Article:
By now you’ve probably noticed that the Eagles are winning far fewer games than the “all of them” we were promised. With a 3-6 record, it does seem hauntingly apparent that the Eagles are doing a handful of rather key things incorrectly. Will they even make the playoffs? Will they finish above the Cowboys in the standings? And most importantly, will Vince Young be proven a liar? But there’s far more at stake than Vince Young’s reputation, which anyone from 2006 will tell you is impossible.
Putting all of the good players on the same team is a time-honored solution to losing all the time. For instance, across the street, Ruben Amaro assembled the transcendent Phillies’ starting rotation that took them all the way to only the first round of the playoffs. Which isn’t a world championship, but its still something people will remember. Even if they remember it solely out of drunken bitterness.
At no point during their regular season were the Phillies out of contention, and the Eagles pretty much are. What went wrong, exactly? Well, “exactly” is a hard word to answer to. So let’s back off a bit and ask “What went wrong, probably?”
I was telling someone recently the only defense Reid has from criticism is the same grotesque sympathy one would feel if they walked in on a sad walrus getting kicked to death. But obviously you can blame the coach when a team is failing, because he’s in charge and clearly he’s being in charge wrong if the BEST TEAM EVER is 3-6.
One indication of his poor gamesmanship is that he refuses to let Shady McCoy hold the football. Shady is what we in the biz call “pretty good,” in that when he receives a handoff, he tends to take it further through traffic and holes than other people in the same situation. He’s slick and sharp and boy he is just the guy you want taking your football and going places with it.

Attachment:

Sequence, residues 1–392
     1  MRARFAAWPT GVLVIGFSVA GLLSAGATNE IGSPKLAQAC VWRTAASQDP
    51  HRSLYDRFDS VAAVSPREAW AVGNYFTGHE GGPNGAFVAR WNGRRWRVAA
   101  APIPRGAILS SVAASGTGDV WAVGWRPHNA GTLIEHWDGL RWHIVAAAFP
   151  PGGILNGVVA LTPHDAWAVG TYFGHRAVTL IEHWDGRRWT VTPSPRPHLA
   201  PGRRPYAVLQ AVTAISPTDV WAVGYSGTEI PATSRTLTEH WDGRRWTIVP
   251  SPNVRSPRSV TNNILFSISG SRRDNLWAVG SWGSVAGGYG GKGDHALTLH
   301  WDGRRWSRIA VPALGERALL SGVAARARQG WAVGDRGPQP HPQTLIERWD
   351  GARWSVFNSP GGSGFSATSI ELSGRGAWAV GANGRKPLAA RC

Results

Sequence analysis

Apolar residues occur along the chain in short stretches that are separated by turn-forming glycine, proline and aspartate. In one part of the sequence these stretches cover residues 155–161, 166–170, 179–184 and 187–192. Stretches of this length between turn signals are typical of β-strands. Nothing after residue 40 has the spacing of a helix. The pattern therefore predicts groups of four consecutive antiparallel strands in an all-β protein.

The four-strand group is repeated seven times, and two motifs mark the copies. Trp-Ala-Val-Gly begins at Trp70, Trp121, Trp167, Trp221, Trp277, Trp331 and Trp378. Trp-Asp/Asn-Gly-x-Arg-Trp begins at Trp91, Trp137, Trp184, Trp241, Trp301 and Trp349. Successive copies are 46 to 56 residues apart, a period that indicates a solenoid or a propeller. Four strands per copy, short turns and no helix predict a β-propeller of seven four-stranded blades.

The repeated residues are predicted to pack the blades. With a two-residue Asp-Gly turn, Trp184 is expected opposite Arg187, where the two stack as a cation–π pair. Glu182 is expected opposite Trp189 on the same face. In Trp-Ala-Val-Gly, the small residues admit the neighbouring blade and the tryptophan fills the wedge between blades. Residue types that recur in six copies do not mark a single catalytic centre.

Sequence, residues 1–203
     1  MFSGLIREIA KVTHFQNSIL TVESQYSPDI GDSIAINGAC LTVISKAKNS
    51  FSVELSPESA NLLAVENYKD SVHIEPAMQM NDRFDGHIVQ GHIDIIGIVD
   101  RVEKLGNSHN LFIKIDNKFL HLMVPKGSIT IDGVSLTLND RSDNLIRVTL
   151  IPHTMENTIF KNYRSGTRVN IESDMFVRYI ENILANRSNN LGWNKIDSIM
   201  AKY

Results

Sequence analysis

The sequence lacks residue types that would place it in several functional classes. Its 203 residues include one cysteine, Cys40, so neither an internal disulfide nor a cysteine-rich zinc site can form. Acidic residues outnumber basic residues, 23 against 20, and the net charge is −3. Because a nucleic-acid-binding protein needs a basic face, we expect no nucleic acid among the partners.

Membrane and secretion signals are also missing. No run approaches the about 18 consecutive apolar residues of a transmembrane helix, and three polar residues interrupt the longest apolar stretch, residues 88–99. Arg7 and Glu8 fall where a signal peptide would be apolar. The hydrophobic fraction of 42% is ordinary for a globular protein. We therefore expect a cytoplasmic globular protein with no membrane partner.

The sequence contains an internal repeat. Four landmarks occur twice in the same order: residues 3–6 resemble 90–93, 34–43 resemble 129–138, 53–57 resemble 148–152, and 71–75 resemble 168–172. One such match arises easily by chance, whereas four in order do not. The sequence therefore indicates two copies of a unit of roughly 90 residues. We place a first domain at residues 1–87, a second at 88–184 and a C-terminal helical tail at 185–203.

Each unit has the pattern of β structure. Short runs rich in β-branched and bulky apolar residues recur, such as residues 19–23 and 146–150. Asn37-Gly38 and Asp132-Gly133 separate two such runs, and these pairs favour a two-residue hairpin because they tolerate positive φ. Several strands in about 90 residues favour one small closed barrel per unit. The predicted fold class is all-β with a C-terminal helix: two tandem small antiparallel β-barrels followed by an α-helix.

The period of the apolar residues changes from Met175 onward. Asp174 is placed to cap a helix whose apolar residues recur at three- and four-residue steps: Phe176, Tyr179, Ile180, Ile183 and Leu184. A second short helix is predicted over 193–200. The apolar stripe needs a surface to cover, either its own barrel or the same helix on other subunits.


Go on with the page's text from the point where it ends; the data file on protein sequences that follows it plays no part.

But, even with Jeremy Maclin out because of injury and Desean Jackson out because of rules, Reid still made sure Shady didn’t touch the ball that much. Which was weird, when you consider how much more of a chance at winning the Eagles would have had.
It may be time to allow Reid to leave this place and swim for the swirling waters of Chukchi Sea, where he will fill his stomach with shrimp, crabs, and tube worms until mating season moves the herd to the Bering Strait.
If you’re one of the countless people blaming Jackson’s suspension on a contract dispute, you can breathe a sigh of relief. The meeting he missed on Saturday was because he was too asleep to remember he was supposed to be there, not because he’s stubborn and self-absorbed. Whew.
Regardless, the absence got him benched for Sunday’s game, a game in which having a starting receiver out there probably would have been a little more awesome for the Eagles. We’ll never know what the outcome of the game would have been had Jackson played in it, but I mean its not like it could have gotten much worse. Probably worth sticking your top receiver out there just to see what he can do.
Why won’t his ribs stop breaking?
Kevin is probably confused, because he’s being paid as if he is worth… money. And poor Kevin, he just isn’t. If your team has Larry Fitzgerald on it, you should probably be completing far more passes than Kevin seems to. Normally, we would be able to laugh at his facepalm of a season/career and move on, but since the Cardinals were the latest team to take advantage of a Dream Team that can’t even get to sleep, Kevin is a more recent annoyance.
I had to Google “John Skelton” to figure out why some guy was being allowed on the field on Sunday, but once I did, and realized he was Arizona’s quarterback, it hit me three quarters later that Kevin wouldn’t even be playing in this game. But apparently he didn’t let that stop him from being effective, which figures that he would be moreso off the field.
As gutless traitors tend to do, Kevin gave up all the insider info on the Eagles’ game plan that he could remember in a series of panicked shrieks. Once the Cardinals realized it wasn’t just another lapse into deranged hysteria due to chronic turf toe, they used the information to their advantage.